Story by Trends Publishing
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Perched high above the ocean, this island homestead forges strong links with the natural environment
Clifftop homes usually command good views – and this house is no exception. Built on a picturesque island in the Puget Sound area, the house overlooks a major waterway, frequented by migrating whales and large ships.
But maximizing the view was just part of the wish-list given to Robert Miller, who did the architectural design, and interior designer William Beson. The house also needed to blend in with the surroundings, with minimal disturbance to the land – not one tree was to be removed.
"The owners wanted the house to reflect a traditional craftsman influence, but they also favored the Northwest timber houses that are typical of the area," says Miller. "This is a very architectural look, with the structural elements exposed as part of the design."
Miller says this look was combined with a slight Asian influence, which is also common in the northwest.
"The clean lines of the roof ends and the siding, for example, reflect this influence. The chain downspouts are another Asian element – the running water imparts a very serene feeling."
The architectural look is enhanced by a soaring cathedral roof and heavy structural wood beams – complete with stainless steel strapping. Many of the structural supports feature four 6in x 6in fir columns, which are also strapped with stainless steel and anchored on stone plinths.
Many of the materials for the house, including the stone for the plinths, chimneys and paving were sourced locally.
"Using local materials was another way to ensure that the house would sit naturally within the wooded landscape," says Beson. "The house is not unlike the madrona trees in the area. These have a peeling bark that exposes a beautiful, smooth wood which stands out amid the evergreen forest. The color of the cedar on the house is very similar."
To maximize the dramatic ocean view, the house incorporates an eagle's nest – or whale watching tower. There is also an extensive outdoor living area, partly supported by a 14ft-high stone retaining wall, which Miller designed as an amphitheater. Paving on the terraces is an extension of the Mica stone flooring used inside the house. Pathways also feature the stone, which gradually opens up to become stepping stones across the grass.
"Merging the outdoors and indoors was an essential element of the overall design," says Beson. "We wanted the house to be of the earth – hence the use of natural materials both outside and inside."
In keeping with this desire, the front entrance is subdued and gives little indication as to what lies beyond.
"The entry feels like a small A-frame cabin, but once inside, the interior opens up to expose the dramatic scale of the house and the magnificence of the view beyond" says Beson.
Glazed walls follow the soaring roof line and allow plenty of light into the vast open-plan living space.
"It was important to have that volume, particularly as the light fades quickly in the northwest in winter," says Miller.
To help contain the space visually, two different colored wood types were used for the ceiling – fir and cedar.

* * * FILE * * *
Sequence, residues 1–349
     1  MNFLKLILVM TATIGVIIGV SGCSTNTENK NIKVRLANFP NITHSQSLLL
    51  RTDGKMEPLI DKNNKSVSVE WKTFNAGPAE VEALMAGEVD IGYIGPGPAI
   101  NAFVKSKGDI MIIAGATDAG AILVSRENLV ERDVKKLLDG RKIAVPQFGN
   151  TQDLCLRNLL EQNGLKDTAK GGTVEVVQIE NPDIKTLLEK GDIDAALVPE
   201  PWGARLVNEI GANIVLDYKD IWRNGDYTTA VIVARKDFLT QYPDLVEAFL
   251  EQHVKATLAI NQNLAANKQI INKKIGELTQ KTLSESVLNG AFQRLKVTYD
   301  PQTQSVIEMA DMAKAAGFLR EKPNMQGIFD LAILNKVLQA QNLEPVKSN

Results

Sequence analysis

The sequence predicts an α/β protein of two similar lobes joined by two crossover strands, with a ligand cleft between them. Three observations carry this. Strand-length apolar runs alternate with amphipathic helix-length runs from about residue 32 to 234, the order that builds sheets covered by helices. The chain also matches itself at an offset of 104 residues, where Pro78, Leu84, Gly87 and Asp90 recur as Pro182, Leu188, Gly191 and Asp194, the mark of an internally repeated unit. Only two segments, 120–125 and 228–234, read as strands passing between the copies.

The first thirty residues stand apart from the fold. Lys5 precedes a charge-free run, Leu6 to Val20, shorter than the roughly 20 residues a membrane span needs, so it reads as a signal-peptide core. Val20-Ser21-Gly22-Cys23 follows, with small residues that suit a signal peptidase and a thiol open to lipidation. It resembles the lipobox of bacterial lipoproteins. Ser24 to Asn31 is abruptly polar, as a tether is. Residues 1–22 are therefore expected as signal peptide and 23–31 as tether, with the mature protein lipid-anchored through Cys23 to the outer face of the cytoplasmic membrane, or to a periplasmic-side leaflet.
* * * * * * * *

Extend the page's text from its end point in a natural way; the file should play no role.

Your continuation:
"These help to make the space more intimate," says Beson. "We have also introduced alder wood around the doors and windows. This has been stained a warm chocolate color, but you can still see the grain."
Large furniture pieces were chosen to fit the scale of the house, with an emphasis placed on both color and texture.
"The house itself is a combination of smooth and textured surfaces – the polished wood and the smooth stone floors versus the rough stone chimneys. This theme continues in the furnishings," says Beson. "The cream-toned sofas, for example, feature a bouclé exterior, but have mohair velvet seats."
To further contrast the textured elements, Beson introduced furniture made from rare and exotic woods.
"It's a question of balance. These highly polished surfaces provide a shot of clarity amid all the textures."
Rugs in the house were all custom designed and manufactured, with colors inspired by the local stone. Made from wool and silk, these also provide a mix of textures. Some wall coverings, such as those in the main bedroom, are also textured.
Beson says quality and simplicity were the key in determining the decor.
"We wanted to reinforce the zen feeling, and in this situation, less really is more. It was also important to let the view speak for itself, without interference from an overly bright or cluttered interior."
First published date: 24 May 2005
More news from Trends
|Designer||Robert Miller, (Coeur d'Alene, ID)|
|Interior designer||William Beson, ASID, IFDA, William Beson Interior Design (Minneapolis)|
|Kitchen designer||Mary Jane Pappas|
|Main contractor||Jensen Homes|
|Structural engineer||Pinnacle Engineers|
|Construction manager||Rood Improvisation|
|Landscape design||Steve Schramm, Island Gardens|
|Decorative metal||Blue Rock Studio|
|Siding||Cedar from Horz; Sikkens from Cedar Tone|
|Roofing||Andgar metal, standing seam shingle panel|
|Window and door joinery||VG fir from Loewen|
|Flooring||Mica stone; custom wool carpets by Aubrey Angelo; Ventana|
|Wall coverings||Carolyn Ray; Bergamo Lavera; Donghia|
|Paints||Benjamin Moore; Pratt & Lambert|
|Lighting||Bruck Lighting Systems; Boyd; Terzani|
|Furniture||Lucien Rollin; Dakota Jackson; Bernam Rosetti; Donghia; Baker; Knapp & Tubbs; Christian Liagre (through Holly Hunt), Leavit Weaver; Corbin Bronze|
|Kitchen countertops||Santa Cecilia granite|
|Oven and cooktop||Wolf|
|Bath and bathroom basin, faucets||Kohler|
|Bathroom tiles||Jura Beige limestone|